The Backgammon Players
Oil on canvas (160.5 x 234.8 cm)
North Carolina Museum of Art, Raleigh
Painted toward the end of his career, in 1634, The Backgammon Players encloses what, at first glance, seems a conventional enough scene. A group of players, with perhaps nothing more important to do than idle away a weary evening, surround a backgammon board on which a game is in progress. The gentleman on the right has apparently just thrown the dice.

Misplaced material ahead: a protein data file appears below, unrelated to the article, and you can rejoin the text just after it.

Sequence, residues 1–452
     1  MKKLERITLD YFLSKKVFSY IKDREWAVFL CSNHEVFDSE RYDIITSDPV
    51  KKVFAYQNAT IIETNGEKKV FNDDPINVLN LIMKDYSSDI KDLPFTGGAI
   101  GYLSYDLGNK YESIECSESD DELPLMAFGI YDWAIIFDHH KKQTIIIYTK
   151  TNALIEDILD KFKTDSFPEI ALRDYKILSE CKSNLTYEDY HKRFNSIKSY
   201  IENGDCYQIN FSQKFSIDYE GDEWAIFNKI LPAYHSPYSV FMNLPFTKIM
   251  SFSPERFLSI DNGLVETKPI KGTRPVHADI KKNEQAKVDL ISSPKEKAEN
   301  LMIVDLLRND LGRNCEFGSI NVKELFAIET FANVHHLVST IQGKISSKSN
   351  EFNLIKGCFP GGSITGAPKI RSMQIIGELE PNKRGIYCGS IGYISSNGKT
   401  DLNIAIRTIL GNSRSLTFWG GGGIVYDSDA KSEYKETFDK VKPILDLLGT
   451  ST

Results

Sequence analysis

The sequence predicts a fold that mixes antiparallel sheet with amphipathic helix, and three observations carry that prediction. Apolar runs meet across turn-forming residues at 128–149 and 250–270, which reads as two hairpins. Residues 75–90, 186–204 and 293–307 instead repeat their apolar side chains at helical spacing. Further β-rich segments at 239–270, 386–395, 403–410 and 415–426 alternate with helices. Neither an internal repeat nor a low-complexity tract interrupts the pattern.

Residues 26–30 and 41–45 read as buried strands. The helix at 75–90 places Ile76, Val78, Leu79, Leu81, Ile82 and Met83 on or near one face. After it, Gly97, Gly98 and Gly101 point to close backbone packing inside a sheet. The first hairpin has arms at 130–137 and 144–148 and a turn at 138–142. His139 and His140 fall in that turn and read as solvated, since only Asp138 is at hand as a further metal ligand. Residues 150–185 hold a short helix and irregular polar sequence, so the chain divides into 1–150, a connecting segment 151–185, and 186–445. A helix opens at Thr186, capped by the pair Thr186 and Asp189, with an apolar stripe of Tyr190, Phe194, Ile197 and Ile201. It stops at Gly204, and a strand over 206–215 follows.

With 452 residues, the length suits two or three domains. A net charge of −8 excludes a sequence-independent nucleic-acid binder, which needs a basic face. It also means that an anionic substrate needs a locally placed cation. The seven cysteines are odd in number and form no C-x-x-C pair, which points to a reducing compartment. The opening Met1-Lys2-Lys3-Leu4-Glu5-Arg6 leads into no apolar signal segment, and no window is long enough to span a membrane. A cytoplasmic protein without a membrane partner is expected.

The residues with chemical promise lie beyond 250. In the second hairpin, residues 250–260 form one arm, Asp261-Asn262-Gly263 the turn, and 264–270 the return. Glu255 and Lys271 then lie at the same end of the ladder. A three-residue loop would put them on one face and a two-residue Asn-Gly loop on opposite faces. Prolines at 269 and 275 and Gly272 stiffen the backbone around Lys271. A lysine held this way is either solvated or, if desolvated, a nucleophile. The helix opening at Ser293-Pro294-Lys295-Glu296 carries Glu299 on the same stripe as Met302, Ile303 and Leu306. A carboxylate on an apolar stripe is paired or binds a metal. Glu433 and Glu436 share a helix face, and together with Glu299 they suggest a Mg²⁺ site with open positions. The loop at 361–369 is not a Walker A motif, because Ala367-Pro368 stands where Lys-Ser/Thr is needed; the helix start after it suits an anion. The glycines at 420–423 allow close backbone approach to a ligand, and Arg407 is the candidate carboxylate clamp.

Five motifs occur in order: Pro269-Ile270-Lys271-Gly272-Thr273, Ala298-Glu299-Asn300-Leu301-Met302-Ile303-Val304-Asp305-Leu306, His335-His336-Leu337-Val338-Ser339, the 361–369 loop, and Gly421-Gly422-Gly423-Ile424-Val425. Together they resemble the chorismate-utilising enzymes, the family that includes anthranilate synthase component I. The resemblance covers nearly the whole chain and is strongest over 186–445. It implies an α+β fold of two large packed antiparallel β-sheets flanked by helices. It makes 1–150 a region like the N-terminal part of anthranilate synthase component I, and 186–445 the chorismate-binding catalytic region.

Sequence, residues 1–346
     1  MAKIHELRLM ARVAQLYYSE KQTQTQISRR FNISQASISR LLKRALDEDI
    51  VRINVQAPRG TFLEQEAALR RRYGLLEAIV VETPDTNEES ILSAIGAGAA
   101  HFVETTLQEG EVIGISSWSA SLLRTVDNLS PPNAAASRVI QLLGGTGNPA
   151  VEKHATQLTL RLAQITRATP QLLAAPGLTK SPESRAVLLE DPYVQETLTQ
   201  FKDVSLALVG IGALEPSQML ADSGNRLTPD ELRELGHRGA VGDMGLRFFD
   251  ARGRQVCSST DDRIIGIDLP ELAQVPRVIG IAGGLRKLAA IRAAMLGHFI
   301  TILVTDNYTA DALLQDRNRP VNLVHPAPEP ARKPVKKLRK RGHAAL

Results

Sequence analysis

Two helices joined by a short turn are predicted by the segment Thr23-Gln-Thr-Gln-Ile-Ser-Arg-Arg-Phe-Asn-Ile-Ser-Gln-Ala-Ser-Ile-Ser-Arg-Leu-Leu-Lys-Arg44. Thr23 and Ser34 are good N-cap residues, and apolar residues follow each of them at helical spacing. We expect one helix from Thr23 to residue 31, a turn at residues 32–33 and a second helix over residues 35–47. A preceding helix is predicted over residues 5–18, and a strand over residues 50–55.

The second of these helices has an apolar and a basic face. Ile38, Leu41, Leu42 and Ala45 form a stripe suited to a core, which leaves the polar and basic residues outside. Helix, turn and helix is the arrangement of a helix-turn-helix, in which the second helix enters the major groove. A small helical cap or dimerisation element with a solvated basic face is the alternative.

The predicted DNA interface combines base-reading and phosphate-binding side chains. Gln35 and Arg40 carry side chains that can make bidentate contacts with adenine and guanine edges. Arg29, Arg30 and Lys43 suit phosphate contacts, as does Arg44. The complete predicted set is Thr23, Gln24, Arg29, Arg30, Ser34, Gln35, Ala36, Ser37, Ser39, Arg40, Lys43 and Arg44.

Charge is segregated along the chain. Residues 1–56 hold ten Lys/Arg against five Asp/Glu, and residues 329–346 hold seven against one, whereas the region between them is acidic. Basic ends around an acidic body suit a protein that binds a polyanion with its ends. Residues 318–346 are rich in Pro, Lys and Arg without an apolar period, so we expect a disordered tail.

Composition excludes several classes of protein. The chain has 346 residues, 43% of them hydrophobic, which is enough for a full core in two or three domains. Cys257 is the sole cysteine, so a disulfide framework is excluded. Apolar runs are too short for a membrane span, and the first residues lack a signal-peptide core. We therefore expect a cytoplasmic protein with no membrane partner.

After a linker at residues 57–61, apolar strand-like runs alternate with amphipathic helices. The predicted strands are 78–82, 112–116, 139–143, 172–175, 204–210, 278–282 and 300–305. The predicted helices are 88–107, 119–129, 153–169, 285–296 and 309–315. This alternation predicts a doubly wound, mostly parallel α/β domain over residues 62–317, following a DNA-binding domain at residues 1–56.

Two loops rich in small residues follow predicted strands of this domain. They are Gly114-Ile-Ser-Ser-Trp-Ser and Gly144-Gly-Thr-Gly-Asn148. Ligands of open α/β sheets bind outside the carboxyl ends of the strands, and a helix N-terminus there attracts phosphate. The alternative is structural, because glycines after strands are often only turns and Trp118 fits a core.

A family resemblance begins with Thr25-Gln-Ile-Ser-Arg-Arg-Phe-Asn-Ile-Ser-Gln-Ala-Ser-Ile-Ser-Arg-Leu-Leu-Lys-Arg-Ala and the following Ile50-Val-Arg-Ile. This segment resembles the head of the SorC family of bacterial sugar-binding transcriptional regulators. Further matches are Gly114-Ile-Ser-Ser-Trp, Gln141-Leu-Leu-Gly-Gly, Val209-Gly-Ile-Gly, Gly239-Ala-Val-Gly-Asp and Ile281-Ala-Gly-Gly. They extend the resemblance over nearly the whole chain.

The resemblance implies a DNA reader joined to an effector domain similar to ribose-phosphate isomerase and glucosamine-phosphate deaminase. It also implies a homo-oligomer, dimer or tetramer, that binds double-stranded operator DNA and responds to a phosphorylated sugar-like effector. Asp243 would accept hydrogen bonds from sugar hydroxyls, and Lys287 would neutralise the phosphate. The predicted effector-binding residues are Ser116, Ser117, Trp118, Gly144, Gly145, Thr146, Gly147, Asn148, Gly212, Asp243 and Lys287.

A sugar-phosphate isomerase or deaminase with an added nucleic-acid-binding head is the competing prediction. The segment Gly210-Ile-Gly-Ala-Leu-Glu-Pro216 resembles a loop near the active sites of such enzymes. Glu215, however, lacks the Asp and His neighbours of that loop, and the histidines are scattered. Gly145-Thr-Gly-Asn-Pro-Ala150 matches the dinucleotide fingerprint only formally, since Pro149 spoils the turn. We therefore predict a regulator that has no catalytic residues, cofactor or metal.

The players and spectators are not what they seem. Although the richly dressed nobleman and his warrior friend would seem to be in control of the situation, the open gaze and bold expression on the face of the woman player suggests otherwise. Moreover, the old woman behind her is neither chaperone nor servant, but more likely procuress, a common enough figure in Dutch and Flemish genre painting of that time. More than backgammon is being played and the gentleman has a lot to lose. At the lower left, two children, a young girl with a face wiser than her years and a young boy intrigued beyond his years, enact the drama in miniature. Meanwhile, in the background, to the nobleman's right, two kibitizers discuss the merits of the game, perhaps even placing a side wager. And finally, almost unnoticed in the shadows, is a tenth figure, in profile. With his downcast eyes and meditative posture, his heavy mood and glum demeanor, he is the only one seemingly ignoring the game. Perhaps he plays the role of the artist-observer, meditating, even as he paints, on the ultimate game where skill is likewise prized but, in the end, is also often no match for chance.